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Could Romney 'train' be derailed by Gingrich? Perry? Someone new?

The word 'inevitable' is getting tossed around these days when it comes to Mitt Romney and the GOP nomination. But Newt Gingrich remains a real rival, and it's even still possible for a newcomer to enter the contest.

By Staff writer / December 27, 2011

Mitt Romney smiles from his car window as he departs from a rally held at Geno's Chowder & Sandwich Shop in Portsmouth, New Hampshire, Tuesday. Will anyone derail the Romney 'train?'

Jessica Rinaldi/Reuters


The scenario looks increasingly plausible: Republican voters will ultimately hand their party's presidential nomination to Mitt Romney, even though many of them aren't excited about doing so.

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But if the word "inevitable" is getting used a fair amount by political analysts these days, the nomination is hardly a sure thing for the former governor of Massachusetts.

His big assets are that his campaign is well organized, he has had no major missteps, and his rivals have foibles or flaws in the eyes of Republican voters. So it's entirely possible that the train called "Mitt for president in 2012," which essentially left the station after his 2008 candidacy ended, will roll steadily to the nomination.

“The dynamics couldn’t be better for us,” a senior Romney strategist told New York Magazine. “I don’t see any scenario where we’re not the nominee.”

But in a campaign that has been volatile for several months, calling the race over before voting begins may be premature. 

Another scenario, for example, includes a protracted "Newt versus Mitt" battle that pits Mr. Romney against former House Speaker Newt Gingrich, who is now Romney's main rival in polls. 

Another is that one or more candidates who are now further behind catch some momentum in Iowa or New Hampshire, and voters take a second look. That's what Rick Perry, Rick Santorum, and Michele Bachmann are hoping. If things get really complicated, the result could be a "brokered convention" in which no candidates has amassed the needed support before GOP delegates arrive to formally select the nominee.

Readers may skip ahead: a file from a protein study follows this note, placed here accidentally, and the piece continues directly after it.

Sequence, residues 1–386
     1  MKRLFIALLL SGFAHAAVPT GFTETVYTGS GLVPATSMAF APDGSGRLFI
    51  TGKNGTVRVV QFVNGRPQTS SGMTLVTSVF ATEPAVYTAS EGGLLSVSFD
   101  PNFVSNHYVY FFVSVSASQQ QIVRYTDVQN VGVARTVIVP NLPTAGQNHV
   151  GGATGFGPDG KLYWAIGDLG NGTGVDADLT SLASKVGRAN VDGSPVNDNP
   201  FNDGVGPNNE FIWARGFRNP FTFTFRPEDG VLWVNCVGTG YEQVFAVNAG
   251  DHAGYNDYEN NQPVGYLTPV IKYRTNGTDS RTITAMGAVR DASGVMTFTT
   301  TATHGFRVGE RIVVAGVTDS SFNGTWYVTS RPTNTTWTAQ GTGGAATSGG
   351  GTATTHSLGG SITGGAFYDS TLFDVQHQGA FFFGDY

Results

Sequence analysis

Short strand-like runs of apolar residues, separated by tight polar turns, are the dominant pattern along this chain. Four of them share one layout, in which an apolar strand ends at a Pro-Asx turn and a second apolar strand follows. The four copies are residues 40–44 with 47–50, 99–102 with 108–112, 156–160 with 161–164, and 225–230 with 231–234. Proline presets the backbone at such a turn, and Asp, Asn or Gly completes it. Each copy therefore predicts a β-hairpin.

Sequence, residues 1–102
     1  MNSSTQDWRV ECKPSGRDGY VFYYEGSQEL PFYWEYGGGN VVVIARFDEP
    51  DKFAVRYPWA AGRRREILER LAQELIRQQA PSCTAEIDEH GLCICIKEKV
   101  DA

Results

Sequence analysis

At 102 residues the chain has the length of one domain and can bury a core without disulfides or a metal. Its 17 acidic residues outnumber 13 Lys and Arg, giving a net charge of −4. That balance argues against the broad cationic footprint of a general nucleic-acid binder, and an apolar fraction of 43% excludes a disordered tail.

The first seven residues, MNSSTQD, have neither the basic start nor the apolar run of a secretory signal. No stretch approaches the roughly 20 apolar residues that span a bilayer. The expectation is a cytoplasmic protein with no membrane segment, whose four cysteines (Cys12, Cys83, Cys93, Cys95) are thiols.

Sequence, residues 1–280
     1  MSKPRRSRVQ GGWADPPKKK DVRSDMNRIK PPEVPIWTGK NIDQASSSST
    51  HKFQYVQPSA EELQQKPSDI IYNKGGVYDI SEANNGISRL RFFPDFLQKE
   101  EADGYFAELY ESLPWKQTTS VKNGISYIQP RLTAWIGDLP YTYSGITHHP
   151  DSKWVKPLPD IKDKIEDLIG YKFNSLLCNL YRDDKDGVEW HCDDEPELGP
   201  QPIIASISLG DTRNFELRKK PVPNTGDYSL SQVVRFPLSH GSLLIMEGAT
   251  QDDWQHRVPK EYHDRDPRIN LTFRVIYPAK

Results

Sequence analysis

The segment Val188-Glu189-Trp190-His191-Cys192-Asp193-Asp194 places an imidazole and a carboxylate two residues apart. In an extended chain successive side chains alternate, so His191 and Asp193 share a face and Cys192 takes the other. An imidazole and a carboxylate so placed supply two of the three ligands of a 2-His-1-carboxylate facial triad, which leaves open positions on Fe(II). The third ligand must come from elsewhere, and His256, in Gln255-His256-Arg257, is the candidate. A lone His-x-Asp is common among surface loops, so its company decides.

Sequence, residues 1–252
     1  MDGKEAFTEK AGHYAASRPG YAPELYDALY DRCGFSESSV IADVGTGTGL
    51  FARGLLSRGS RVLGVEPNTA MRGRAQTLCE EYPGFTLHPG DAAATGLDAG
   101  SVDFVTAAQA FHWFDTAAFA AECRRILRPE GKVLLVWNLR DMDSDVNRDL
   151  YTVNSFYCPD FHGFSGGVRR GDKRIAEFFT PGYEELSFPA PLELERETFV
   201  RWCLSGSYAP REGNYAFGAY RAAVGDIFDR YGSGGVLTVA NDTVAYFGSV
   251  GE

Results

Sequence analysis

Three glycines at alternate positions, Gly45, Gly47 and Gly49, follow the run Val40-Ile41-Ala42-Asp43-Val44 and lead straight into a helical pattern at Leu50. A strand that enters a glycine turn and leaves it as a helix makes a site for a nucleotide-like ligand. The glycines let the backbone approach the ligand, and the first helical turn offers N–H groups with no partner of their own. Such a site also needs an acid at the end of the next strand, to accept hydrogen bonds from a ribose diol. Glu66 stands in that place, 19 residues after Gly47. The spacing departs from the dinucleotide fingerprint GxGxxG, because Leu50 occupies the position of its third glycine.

A third scenario, conceivable if Romney looks vulnerable coming out of Iowa and New Hampshire, is that a new candidate enters the race in time to compete in later primaries. Here again, the outcome could then be drawn-out suspense in the primaries and at the convention.

Here's what one prominent poll shows now.

According to Gallup, Mr. Gingrich is ahead of Romney among registered Republicans nationwide, but just barely. Support for the former House speaker surged last month after the candidacy of businessman Herman Cain collapsed, but over the past three weeks has ebbed to 26 percent.

Some 23 percent of GOP voters say they'd go with Romney, 12 percent with Rep. Ron Paul of Texas, 8 percent with Texas Governor Perry, 6 percent with Representative Bachmann of Minnesota, 3 percent with former Senator Santorum of Pennsylvania, and 1 percent with former Utah Gov. Jon Huntsman Jr.

The idea of a late-entry candidate is surely a wild card, but it's been getting some buzz lately. In a new issue of The Weekly Standard, conservative commentator William Kristol makes a direct appeal to potential candidates now on the sidelines.


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